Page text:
TN 2 (12-14)

PR 05820.035 New York

A. PR 15-028 T~ – Entitlement to Auxiliary Spouse Benefits on the Account of Number Holder E~ – Validity under New York State Law of Same-Sex Marriage Performed in a Foreign Jurisdiction

DATE: November 19, 2014

1. SYLLABUS

New York State recognizes same-sex marriages validly entered into in foreign jurisdictions. South Africa has statutorily recognized same-sex marriages since November 30, 2006. The claimant and the NH were lawfully married under South African law in Cape Town, South Africa, in August 2007. Therefore, under the specific facts of this claim, the South African marriage would be recognized by the state of New York. The claimant’s marriage to the number holder is valid under New York law, and the claimant is entitled to benefits on the NH’s account, assuming that the claimant has satisfied other statutory and regulatory requirements for such benefits.

2. OPINION

QUESTION PRESENTED

Would New York State recognize the same-sex South African marriage of T~ (claimant) and E~, the number holder (NH), and would the claimant be entitled to auxiliary spouse benefits on the NH’s record?

OPINION

New York State, the NH’s current domicile, recognizes same-sex marriages validly entered into in foreign jurisdictions. South Africa has statutorily recognized same-sex marriages since November 30, 2006. The claimant and the NH were lawfully married under South African law in Cape Town, South Africa, on August XX, 2007. Therefore, under the specific facts of this claim, the South African marriage would be recognized by New York. Accordingly, under the Social Security Act (Act) the claimant is the NH’s spouse and thus entitled to auxiliary spouse benefits on the record of the NH, assuming that the claimant has satisfied other statutory and regulatory requirements for such benefits.

BACKGROUND

The claimant and the NH were married in Cape Town, South Africa. The Marriage Registration Extract (extract), dated September 11, 2007, and stamped “Unabridged Civil Union,” identifies the couple’s “Civil Union Type” as “Marriage.” The extract lists August XX, 2007 as the “Marriage Date” and the date the “[m]arriage was solemnized.”

The NH has been receiving Social Security Retirement benefits since October 2012. The claimant filed for auxiliary spousal benefits on the record of NH on December XX, 2013. The NH lived in New York at the time the application was filed. He has not since changed his domicile.

ANALYSIS

  1. Social Security Act and Regulations

    An insured wage earner’s spouse is eligible to receive old-age benefits as an auxiliary beneficiary if, among other requirements and as relevant here, the spousal relationship has lasted at least one year. See 42 U.S.C. §§ 402(b) and (c); 416(b), 416(h)(1)(A); 20 C.F.R. § 404.330(a). An individual is the spouse of the insured if the courts of the state in which the insured is domiciled would find that the applicant and the insured were validly married at the time the application was filed. 42 U.S.C. § 416(h)(1)(A); 20 C.F.R. § 404.345. The insured’s legal domicile is the state where the insured had a permanent home at the time of the application for spouse’s benefits. See 20 C.F.R. §§ 404.303, 404.345. Here, New York was the NH’s domicile at the time of the application and the NH continues to reside at the New York address listed in the application. Therefore, we look to New York law to determine if the claimant and the NH are validly married. Our specific inquiry focuses on whether the South African same-sex marriage is valid under New York law.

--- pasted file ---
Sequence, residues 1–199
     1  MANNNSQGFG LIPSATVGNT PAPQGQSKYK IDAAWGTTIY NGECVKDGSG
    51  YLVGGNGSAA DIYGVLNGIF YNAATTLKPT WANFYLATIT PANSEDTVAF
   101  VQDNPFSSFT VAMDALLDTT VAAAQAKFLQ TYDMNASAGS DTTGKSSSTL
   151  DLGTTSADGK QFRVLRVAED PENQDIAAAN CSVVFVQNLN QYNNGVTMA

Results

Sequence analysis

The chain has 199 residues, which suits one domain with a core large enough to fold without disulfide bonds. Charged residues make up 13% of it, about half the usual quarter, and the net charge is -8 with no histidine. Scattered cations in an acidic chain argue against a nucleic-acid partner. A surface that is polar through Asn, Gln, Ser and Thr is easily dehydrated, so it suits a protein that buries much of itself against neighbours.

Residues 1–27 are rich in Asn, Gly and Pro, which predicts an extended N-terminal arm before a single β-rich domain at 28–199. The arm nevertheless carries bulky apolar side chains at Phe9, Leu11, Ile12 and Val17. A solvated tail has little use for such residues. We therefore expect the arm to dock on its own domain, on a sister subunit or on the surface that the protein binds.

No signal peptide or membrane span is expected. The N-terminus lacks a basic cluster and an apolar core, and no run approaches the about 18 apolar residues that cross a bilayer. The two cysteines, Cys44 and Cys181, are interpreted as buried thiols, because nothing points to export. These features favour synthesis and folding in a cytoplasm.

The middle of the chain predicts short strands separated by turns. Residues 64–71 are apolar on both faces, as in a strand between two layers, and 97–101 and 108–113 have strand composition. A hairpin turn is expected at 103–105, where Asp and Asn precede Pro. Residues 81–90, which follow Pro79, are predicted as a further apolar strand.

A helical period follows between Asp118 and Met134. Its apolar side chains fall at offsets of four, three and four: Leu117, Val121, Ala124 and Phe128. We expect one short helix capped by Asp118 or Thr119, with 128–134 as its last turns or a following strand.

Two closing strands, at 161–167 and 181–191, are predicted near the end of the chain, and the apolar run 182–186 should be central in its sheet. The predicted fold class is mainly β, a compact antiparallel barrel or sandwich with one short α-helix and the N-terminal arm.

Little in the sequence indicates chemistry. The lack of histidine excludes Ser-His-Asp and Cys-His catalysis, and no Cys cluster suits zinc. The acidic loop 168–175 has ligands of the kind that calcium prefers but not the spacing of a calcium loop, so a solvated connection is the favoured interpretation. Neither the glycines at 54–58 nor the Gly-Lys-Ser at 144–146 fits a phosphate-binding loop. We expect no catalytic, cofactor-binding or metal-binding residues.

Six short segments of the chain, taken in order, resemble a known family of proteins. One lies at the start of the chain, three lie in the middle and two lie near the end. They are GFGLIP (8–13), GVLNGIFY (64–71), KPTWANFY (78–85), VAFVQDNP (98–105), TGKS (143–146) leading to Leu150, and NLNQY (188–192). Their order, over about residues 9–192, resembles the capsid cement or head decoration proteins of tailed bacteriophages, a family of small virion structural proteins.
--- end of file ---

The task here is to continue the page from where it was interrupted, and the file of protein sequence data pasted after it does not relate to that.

2. New York State Law Regarding Same-Sex Marriage

    New York State long defined marriage as the voluntary union of one man and one woman as husband and wife. See Hernandez v. Robles, 855 N.E.2d 1, 6, 9-12 (N.Y. 2006) (holding constitutional “New York’s statutory law [that] clearly limits marriage to opposite-sex couples”). Same-sex marriage has only been legal in New York State since the Marriage Equality Act took effect on July 24, 2011, N.Y. Dom. Rel. Law § 10-a (McKinney 2013).

    However, New York law recognized same-sex marriages lawfully solemnized outside of the state, including in foreign countries, prior to the enactment of the Marriage Equality Act. On February 1, 2008, a New York appellate court held that New York would recognize same-sex marriages validly entered into in other jurisdictions, including the July 2004 Ontario, Canada same-sex marriage at issue before the court. Martinez v. County of Monroe, 850 N.Y.S.2d 740, 742 (4th Dept. 2008), leave to appeal denied, 859 N.Y.S. 2d 617, 889 N.E.2d 496 (2008).1 ). amicus brief in the District Court for the Southern District of New York, reinforcing its position that, “New York has long recognized as valid same-sex marriages that were solemnized under the laws of other States or nations….” Brief for the State of New York as Amicus Curiae Supporting Plaintiff, Windsor v. U.S., 797 F. Supp. 2d 320 (2011), 2011 WL 3098311. See also, U.S. v. Windsor, ___ U.S. ___, 133 S.Ct. 2675, 2683 (2013) (“New York deems [Windsor’s] Ontario marriage to be a valid one.”).